In this episode of Post-Growth Australia, we interview James Regulinski, co-founder of Carbon Collective, a company providing low-fee, diversified investment portfolios built for solving climate change. Inspired by the work of Project Drawdown, James and his business partner Zach Stein tackle climate change by encouraging investors to support environmentally friendly enterprises.
For a podcast on Degrowth with a bias toward the anti-capitalist end of the spectrum, James is a very different kind of guest on PGAP and one who inspired much pithy discussion. For most of us in the post-growth movement, there can often be some tension around whether to ‘tap in’ and to use financial leverage to encourage improvements in the current system (e.g. Green investment, divestment, supporting the ‘green new deal’ etc.) Or, whether to ‘tap out’ or fight the system altogether. Hats off to James to going down the rabbit hole with me here, where we conclude that a mix of both approaches is the best way forward. That is, any change we do needs to have a transition to a Degrowth society as the modus operandi. On the other side of the coin, it is currently very difficult, if not impossible, to tap completely out of today’s growth based economic paradigm.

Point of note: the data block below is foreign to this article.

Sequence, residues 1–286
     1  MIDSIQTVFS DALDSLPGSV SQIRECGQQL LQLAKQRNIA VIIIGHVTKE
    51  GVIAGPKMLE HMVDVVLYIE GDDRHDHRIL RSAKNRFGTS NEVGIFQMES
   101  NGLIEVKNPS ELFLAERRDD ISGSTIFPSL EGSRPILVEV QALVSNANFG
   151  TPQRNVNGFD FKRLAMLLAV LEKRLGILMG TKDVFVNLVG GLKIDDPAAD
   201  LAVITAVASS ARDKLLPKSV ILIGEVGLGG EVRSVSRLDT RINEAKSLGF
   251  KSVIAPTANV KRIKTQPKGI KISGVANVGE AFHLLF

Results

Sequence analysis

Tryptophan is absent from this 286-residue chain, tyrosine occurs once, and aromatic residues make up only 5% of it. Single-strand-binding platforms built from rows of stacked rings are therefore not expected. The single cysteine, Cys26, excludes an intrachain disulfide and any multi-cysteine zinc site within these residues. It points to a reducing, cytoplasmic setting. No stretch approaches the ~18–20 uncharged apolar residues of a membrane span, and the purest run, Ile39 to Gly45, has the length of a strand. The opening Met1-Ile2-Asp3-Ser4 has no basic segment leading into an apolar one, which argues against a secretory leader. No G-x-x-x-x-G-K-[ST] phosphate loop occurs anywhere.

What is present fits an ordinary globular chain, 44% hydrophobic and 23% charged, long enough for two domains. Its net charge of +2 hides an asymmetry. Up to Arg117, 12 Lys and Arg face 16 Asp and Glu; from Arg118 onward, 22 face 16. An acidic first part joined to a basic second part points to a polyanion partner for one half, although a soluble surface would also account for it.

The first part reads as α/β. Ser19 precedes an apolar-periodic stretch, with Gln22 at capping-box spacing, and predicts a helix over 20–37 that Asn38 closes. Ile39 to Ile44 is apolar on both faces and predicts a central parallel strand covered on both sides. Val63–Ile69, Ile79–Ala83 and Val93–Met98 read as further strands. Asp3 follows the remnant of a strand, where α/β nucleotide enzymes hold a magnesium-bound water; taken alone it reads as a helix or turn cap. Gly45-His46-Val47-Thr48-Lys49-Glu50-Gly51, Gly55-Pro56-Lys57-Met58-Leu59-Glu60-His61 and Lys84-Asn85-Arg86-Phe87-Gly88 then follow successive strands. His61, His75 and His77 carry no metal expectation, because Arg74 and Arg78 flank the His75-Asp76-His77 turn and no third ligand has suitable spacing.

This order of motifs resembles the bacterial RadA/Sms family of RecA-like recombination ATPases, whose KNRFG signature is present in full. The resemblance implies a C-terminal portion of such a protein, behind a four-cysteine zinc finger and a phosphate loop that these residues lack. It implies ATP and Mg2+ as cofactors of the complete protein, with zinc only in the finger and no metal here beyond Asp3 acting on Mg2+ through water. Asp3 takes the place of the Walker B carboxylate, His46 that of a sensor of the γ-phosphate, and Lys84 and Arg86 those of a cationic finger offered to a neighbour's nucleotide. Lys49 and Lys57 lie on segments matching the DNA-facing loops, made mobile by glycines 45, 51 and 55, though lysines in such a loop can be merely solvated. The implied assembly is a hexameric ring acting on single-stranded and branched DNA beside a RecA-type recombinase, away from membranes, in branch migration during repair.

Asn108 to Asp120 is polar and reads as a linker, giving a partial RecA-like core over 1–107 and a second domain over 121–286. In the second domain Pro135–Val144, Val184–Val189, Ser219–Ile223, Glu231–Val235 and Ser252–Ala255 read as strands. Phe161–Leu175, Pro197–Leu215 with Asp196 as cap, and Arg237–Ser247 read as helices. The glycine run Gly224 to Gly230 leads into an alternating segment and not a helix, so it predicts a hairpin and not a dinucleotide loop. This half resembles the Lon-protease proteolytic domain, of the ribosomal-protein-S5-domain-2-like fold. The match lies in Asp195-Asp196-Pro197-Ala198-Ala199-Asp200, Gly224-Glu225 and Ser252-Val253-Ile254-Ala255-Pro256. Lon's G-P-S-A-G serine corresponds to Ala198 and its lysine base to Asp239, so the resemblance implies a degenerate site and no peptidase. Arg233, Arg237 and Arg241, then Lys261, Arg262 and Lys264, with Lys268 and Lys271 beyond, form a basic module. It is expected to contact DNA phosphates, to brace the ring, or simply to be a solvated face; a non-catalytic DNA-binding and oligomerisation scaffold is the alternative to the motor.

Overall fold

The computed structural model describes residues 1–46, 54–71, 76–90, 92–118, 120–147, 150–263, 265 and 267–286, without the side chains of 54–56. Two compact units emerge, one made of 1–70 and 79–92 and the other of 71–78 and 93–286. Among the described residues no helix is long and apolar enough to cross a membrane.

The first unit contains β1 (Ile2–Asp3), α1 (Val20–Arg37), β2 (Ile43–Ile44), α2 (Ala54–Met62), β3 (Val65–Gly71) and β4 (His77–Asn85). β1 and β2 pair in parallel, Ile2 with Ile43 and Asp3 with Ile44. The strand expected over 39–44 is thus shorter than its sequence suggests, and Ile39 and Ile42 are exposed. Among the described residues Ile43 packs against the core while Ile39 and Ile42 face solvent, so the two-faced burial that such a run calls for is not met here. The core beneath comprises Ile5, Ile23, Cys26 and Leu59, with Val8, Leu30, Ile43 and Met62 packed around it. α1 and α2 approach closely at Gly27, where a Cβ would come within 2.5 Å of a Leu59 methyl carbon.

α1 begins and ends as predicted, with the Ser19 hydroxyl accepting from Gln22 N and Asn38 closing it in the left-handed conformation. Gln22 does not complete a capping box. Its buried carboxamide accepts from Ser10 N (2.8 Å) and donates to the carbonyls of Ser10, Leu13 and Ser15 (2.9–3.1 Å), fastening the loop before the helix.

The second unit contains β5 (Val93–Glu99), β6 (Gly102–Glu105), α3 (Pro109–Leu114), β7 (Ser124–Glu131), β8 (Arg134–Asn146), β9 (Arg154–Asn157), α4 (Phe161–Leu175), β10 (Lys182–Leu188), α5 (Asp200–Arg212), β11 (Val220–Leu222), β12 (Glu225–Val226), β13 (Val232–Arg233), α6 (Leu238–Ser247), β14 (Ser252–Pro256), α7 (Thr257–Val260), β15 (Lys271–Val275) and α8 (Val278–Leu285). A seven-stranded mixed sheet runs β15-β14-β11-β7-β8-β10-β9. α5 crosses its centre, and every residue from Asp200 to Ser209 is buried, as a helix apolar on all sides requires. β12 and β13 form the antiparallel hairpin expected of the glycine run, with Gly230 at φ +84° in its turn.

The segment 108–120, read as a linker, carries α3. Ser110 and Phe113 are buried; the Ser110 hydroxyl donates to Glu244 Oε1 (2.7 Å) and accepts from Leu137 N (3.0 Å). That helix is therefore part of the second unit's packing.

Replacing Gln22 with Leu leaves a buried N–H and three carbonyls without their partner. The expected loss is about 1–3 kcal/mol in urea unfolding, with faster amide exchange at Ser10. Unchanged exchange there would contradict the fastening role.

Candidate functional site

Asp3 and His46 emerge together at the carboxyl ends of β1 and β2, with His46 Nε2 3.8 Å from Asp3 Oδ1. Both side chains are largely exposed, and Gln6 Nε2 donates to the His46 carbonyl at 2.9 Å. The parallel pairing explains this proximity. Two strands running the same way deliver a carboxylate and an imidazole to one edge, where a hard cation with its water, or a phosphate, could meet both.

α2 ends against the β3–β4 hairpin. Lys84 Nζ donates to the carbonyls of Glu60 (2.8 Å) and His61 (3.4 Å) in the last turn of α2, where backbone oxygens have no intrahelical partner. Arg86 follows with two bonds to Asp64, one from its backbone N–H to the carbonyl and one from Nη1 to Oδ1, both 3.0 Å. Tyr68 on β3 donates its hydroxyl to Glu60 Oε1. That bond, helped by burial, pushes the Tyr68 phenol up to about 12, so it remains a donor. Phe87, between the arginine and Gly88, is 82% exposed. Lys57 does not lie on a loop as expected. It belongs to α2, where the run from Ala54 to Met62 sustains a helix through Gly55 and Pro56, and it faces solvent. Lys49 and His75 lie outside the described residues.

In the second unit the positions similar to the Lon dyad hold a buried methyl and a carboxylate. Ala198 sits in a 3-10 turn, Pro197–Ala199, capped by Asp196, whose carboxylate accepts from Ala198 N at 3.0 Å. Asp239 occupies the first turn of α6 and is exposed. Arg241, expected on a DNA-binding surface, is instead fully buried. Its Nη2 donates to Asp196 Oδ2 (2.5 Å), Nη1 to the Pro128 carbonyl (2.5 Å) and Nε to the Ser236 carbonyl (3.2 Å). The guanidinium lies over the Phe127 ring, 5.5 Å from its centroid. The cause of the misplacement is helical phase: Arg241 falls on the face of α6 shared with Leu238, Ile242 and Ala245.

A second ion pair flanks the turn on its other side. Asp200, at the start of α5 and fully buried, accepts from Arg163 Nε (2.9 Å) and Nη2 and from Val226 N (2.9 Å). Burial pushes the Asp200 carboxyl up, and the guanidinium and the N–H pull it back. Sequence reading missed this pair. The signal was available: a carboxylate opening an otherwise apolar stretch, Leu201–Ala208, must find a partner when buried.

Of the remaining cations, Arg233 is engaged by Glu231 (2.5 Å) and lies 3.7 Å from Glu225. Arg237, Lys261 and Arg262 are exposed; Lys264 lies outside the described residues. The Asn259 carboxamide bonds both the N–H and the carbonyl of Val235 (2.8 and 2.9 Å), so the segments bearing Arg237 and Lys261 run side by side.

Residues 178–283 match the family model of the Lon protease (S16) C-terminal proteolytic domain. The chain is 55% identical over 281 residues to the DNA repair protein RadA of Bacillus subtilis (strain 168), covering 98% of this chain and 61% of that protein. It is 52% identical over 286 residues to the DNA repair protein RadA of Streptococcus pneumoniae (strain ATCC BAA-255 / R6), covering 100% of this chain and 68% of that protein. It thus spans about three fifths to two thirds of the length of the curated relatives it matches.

To find out more about Carbon Collective, visit their website here. This includes a fantastic introductory video from James.
On PGAP, we’ve had a few discussions around the challenges of tapping out of the growth based system. In our interview with Dr. Alex Baumann (currently our top performing episode), he discusses why the private housing market provides a financial barrier to opting out of the matrix. We’ve also had a few guests on who have made a successful change to off grid living (tapping out if you will). Mike Stasse from Tasmania is one great example. Artist as Family (based near Daylesford Victoria) discuss how they made the change on a shoestring budget.
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All views, opinions and legacies of our guests are exclusive theirs and do not necessarily reflect those of PGAP.